By Helen De Cruz
For several months, I've been bothered by the narrative about how Trump support and the vote in the UK to leave the EU was fuelled by the concerns of a disillusioned white working class, who feel left behind in an increasingly globalized world. In these narratives, the working class is consistently interpreted as the "white working class", and often also as the white working class who have racist and other bigoted ideas.
This testimony by Phil McDuff, a white working class man indicates what is wrong with this narrative: firstly, the working class do not have an adequate voice in the media. People speak for them, and interpret their voting behavior for them. They do not speak for themselves. Secondly, the working class is just not identical to the white working class. Pouring over the concerns, hopes and fears of white working-class people denies an identity to people of color as working class too. My father was an immigrant from Malaysia to Belgium (he is a naturalized Belgian), he worked as a bricklayer for several larger and smaller building companies, and towards the end of his career he became a handyman for a local college. It seems though, that my father's concerns, hopes and wishes do not matter in the working class narrative, and that he is not even legitimately part of it, due to his skin color and origin.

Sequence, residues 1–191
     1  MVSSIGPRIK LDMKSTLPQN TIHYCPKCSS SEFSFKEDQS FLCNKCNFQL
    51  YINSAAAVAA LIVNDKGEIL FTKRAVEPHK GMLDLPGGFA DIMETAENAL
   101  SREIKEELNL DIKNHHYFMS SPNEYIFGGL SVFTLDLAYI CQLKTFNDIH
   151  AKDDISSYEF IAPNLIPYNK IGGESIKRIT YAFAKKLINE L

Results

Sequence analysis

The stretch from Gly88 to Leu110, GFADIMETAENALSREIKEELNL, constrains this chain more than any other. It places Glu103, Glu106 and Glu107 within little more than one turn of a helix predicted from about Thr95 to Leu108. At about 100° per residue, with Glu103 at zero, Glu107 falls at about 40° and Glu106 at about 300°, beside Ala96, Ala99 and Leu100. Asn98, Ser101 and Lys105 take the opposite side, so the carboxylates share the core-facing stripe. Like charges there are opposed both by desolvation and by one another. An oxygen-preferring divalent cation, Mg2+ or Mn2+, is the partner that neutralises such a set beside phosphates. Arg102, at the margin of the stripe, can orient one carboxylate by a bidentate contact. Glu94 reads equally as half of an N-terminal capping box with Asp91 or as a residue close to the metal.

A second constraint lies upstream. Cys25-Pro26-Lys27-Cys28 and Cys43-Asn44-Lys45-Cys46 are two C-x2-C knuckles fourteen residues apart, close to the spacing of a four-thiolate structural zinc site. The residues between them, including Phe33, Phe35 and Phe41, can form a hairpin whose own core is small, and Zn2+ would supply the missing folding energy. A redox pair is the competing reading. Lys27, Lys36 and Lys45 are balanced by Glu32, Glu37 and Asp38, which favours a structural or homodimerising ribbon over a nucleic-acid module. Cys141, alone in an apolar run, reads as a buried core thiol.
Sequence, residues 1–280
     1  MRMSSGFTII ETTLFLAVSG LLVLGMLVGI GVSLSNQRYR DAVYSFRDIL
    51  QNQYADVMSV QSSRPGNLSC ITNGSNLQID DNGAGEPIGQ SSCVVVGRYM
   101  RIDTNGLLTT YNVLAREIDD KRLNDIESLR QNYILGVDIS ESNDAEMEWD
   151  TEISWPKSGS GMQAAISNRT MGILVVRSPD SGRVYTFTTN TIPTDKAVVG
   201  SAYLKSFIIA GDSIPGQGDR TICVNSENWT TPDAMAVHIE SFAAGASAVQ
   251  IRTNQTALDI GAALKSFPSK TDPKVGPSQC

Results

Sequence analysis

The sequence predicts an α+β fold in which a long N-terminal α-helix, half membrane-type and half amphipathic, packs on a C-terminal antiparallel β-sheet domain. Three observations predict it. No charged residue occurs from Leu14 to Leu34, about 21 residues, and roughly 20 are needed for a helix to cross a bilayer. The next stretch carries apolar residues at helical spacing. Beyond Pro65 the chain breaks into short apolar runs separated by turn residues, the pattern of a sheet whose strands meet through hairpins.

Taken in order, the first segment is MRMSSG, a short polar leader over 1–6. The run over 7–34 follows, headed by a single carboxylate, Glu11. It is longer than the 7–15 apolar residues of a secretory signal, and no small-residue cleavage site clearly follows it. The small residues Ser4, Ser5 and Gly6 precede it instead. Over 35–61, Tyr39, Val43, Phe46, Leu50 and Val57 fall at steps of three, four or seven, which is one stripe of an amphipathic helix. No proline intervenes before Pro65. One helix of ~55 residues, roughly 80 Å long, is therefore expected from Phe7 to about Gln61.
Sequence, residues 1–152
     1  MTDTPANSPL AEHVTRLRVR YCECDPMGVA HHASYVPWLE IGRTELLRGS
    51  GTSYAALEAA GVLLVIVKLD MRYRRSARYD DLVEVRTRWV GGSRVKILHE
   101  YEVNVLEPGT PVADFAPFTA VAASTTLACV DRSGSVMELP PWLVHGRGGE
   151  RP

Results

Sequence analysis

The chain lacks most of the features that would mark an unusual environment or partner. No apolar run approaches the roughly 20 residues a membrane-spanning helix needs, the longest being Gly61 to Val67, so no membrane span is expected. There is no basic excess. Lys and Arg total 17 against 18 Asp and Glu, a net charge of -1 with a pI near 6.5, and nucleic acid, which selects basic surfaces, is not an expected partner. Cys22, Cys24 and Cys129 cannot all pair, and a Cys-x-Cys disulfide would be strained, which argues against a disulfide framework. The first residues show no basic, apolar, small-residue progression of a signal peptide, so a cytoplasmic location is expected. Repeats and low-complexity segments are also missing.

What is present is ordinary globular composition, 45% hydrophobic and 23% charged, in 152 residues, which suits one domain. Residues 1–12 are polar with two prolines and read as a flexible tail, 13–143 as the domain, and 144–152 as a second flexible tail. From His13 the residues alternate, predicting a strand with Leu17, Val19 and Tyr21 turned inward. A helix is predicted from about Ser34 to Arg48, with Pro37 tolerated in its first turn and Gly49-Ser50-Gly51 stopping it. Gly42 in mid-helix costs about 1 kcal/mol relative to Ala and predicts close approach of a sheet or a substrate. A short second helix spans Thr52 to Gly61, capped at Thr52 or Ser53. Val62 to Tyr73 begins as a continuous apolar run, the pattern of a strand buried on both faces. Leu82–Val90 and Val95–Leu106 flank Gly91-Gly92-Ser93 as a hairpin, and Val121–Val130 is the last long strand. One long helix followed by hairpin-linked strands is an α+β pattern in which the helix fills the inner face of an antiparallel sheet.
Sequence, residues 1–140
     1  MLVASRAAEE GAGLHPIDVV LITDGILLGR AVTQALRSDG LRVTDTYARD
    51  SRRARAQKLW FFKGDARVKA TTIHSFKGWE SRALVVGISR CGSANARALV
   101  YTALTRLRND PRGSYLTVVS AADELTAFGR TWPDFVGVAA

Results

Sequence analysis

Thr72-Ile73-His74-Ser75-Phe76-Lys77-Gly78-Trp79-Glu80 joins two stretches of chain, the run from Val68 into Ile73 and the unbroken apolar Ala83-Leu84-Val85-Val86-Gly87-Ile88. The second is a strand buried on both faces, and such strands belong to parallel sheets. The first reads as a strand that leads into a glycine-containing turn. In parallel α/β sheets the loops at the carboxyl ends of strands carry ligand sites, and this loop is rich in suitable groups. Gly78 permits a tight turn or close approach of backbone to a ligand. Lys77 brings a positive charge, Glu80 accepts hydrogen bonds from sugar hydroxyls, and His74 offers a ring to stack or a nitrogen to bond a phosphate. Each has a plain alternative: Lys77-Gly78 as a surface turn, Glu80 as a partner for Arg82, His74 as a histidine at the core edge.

Worse, the narrative of the white working class as bigoted racists who blame everything on migrants denies the true fellowship I saw between my father and his colleagues, regardless of their color or accents. I remember one evening a white friend and colleague who came over to our house, trying to convince my father to take the foreman's exam. As a foreman, he would make more money and he would have to do less physical work. He said something to the effect that my father was the most talented bricklayer he had seen, and he ought to go for it. My father felt insecure to lead a group of largely white men, and declined (I learned later that this was the reason). My father's friend was not a racist. I am not saying there were no racists among his colleagues, but the current narrative would put him together with a large, homogeneous bunch of xenophobes. That is not right. Eventually, my father had to stop working as a bricklayer because of the physical strain. I have often wondered if things would have been different if he had taken the foreman's exam.
Comparing my father with his white colleagues, there were a lot of concerns that united them. They almost all had children and many (like my father) had stay at home wives, and they were proud that their wives could stay at home. They were very concerned about their children's future and my father was supportive and encouraging of my sister and me; we both went on to earn PhDs. I remember his colleagues too were talking about their children's school results - not at all the anti-intellectualism that is now ascribed to them. Yet, they were not the metropolitan elite. Yet now the poor, left behind white worker narrative denies this joint identity. I hope to see more stories where workers (both white and of color) speak for themselves, rather than being hijacked by xenophobic politicians.